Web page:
This question was stuck in my mind for a good part of the day so I thought I would share it with you. Did dinosaurs get headaches? I did a few searches for published peer-reviewed papers without luck and then turned to Google to see if I could get any answers. I can’t seem to find evidence of anyone who asked the same question, but I’m sure it’s out there. The closest research I could find was about Dinosaurs and cancer. Interestingly enough, “Among more than 10,000 specimens x-rayed, tumors were only found in Cretaceous hadrosaurs (duck-billed dinosaurs).” (Rothschild et al. 2003) I suspect that any sort of brain tumour would leave the potential of headaches across species. Animals do seem to exhibit responses to pain. It is unsurprising that many people wonder if their pets or animals in general get headaches. There are some that claim that dogs can. However there isn’t a consensus.
Whenever I have these thoughts about the broader spectrum of ‘dinosaurs’ I tend to look at their living relatives for hints. Today’s subject of comparison is a woodpecker. They peck and tap at trees for many hours a day. They must be able to do so without headaches,
so how do they manage it? Well birds have specialized bone structures, little amount of cerebral spinal fluid around their brains, and thick skulls. All of these features work together to absorb the shock without shaking the brain around in the skull. Since not all dinosaurs were likely to have similar adaptations since they aren’t engaging in the same feeding and breeding mechanisms the comparison should focus on dinosaurs that presumably used their head, the pachycephalosaurs. The dome-shaped head-bashing dinosaurs do indeed have unique skull adaptations. Thickened skull layered with spongey bone tissue could absorb the impact and protect the brain from accumulating damage. Does this mean that the pachycephalosaurs are unlikely to get headaches from their inter-species competitions, probably. It seems common sense to assume that if their head-bashing cause headaches, that they would stop the behaviour. Do these adaptations apply to all dinosaurs? No.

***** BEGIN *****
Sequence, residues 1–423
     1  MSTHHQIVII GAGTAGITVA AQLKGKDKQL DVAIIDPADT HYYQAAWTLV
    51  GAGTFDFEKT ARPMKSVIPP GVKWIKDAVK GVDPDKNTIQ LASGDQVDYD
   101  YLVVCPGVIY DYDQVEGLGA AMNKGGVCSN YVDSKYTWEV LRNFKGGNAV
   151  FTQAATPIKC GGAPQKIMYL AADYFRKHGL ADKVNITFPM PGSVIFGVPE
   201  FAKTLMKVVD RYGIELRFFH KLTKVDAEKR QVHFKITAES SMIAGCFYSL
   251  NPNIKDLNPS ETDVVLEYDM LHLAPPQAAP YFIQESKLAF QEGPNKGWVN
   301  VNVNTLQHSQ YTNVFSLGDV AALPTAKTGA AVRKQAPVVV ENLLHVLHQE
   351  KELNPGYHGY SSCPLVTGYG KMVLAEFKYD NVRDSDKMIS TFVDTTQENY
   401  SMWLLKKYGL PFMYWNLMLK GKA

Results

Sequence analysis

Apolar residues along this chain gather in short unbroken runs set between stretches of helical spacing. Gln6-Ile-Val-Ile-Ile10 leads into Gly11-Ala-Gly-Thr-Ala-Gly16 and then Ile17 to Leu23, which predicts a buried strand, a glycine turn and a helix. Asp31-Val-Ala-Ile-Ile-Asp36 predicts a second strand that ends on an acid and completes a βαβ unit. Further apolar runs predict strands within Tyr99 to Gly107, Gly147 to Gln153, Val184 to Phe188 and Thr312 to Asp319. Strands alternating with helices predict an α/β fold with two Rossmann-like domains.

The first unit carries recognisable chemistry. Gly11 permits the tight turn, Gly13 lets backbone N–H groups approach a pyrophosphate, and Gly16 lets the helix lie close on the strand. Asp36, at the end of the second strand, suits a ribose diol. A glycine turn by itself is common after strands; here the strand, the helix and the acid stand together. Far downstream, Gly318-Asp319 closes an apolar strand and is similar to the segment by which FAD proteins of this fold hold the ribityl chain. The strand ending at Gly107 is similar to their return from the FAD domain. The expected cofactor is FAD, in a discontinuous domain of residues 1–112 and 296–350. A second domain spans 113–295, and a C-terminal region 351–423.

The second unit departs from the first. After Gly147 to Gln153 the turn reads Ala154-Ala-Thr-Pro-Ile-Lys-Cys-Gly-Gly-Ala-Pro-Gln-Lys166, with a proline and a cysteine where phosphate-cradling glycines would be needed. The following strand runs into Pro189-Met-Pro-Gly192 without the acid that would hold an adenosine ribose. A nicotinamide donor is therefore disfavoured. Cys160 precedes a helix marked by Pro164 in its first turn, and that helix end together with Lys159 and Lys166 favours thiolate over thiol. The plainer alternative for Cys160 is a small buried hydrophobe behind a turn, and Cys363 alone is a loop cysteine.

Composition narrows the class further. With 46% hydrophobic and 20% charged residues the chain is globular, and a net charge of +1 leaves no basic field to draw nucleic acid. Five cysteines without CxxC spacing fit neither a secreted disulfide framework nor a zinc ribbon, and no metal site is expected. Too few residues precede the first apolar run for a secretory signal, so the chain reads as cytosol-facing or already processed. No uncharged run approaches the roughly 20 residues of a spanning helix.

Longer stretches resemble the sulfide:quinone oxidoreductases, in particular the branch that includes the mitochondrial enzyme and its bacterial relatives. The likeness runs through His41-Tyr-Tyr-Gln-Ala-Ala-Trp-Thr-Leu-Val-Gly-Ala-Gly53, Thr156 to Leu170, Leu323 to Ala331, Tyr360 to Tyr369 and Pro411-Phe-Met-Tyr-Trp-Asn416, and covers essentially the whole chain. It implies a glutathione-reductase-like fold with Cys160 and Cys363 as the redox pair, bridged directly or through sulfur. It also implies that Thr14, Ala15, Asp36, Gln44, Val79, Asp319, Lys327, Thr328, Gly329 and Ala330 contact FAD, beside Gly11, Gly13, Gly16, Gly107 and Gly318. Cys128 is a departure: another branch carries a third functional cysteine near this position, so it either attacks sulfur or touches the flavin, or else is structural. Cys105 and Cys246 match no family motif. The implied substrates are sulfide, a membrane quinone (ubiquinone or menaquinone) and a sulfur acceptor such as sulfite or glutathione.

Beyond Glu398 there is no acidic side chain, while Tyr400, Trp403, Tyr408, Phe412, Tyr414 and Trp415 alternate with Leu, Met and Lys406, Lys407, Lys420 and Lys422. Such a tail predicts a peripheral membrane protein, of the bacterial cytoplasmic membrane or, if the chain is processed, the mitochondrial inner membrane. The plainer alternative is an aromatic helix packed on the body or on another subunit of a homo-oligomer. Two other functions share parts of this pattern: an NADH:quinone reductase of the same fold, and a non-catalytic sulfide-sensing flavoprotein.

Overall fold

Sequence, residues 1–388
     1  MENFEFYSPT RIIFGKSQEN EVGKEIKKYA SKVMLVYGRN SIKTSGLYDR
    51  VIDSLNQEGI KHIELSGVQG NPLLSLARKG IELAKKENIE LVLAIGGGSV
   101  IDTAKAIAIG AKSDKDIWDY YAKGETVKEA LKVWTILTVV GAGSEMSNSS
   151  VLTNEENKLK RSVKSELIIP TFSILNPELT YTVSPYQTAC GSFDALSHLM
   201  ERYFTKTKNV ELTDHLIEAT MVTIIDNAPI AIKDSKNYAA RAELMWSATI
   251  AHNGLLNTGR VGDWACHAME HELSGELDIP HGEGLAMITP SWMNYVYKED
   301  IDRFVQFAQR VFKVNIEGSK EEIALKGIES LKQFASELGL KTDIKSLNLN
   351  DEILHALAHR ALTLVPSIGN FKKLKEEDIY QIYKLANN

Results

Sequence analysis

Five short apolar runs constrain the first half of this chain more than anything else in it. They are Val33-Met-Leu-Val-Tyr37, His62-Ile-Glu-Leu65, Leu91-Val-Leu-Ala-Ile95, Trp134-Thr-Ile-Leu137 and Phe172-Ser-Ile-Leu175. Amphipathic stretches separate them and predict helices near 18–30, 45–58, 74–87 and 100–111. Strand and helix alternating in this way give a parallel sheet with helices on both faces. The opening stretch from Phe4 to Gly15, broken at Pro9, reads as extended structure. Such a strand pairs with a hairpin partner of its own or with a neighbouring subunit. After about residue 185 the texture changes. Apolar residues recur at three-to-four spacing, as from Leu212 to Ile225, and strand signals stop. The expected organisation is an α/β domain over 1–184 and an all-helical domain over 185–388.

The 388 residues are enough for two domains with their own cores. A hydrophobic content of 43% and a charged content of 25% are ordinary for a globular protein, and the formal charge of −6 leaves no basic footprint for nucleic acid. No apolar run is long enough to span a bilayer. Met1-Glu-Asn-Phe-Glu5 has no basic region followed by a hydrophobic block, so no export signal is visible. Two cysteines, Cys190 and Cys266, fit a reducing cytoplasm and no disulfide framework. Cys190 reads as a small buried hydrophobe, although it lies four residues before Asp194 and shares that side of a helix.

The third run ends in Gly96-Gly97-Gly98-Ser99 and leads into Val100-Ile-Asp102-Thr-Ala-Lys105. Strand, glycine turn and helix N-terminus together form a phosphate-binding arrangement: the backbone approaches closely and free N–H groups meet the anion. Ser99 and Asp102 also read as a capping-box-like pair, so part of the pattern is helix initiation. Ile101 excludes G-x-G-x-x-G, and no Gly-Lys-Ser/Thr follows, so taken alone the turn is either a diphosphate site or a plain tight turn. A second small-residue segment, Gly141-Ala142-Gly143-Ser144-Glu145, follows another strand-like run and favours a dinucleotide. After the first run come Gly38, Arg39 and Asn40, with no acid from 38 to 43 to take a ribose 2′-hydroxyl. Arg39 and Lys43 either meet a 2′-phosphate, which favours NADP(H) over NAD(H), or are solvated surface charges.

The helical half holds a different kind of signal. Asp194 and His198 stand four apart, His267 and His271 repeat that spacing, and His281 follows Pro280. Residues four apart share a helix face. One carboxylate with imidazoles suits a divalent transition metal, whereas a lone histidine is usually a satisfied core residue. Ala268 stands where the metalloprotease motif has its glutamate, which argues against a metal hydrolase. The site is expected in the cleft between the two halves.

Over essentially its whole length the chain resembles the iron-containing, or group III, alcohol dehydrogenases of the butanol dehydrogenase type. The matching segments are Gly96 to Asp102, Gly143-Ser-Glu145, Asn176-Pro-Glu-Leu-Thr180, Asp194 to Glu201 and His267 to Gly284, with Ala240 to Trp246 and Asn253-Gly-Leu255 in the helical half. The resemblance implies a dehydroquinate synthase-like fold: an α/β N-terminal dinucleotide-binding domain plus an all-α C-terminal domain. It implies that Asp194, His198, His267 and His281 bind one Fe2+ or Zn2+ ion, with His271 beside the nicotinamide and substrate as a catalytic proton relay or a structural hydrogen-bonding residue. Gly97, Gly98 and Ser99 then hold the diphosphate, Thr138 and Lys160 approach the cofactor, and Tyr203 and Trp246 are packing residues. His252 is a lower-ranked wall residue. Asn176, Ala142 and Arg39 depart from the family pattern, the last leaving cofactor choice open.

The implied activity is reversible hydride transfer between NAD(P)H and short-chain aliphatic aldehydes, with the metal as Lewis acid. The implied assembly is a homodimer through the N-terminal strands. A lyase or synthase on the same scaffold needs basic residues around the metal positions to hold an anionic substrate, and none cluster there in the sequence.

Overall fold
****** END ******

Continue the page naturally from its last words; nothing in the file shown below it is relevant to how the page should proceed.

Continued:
Do dinosaurs suffer from headaches? Maybe, maybe not. The potential is there for dinosaurs with cancers. I suppose I will just have to keep digging and seeing what I can find on the subject.
Rothschild, B. M., Tanke, D. H., Helbling, M., & Martin, L. D. (2003). Epidemiologic study of tumors in dinosaurs. Naturwissenschaften, 90(11), 495-500. doi:10.1007/s00114-003-0473-9
Abstract: Occasional reports in isolated fragments of dinosaur bones have suggested that tumors might represent a population phenomenon. Previous study of humans has demonstrated that vertebral radiology is a powerful diagnostic tool for population screening. The epidemiology of tumors in dinosaurs was here investigated by fluoroscopically screening dinosaur vertebrae for evidence of tumors. Computerized tomography (CT) and cross-sections were obtained where appropriate. Among more than 10,000 specimens x-rayed, tumors were only found in Cretaceous hadrosaurs (duck-billed dinosaurs). These included hemangiomas and metastatic cancer (previously identified in dinosaurs), desmoplastic fibroma, and osteoblastoma. The epidemiology of tumors in dinosaurs seems to reflect a familial pattern. A genetic propensity or environmental mutagens are suspected.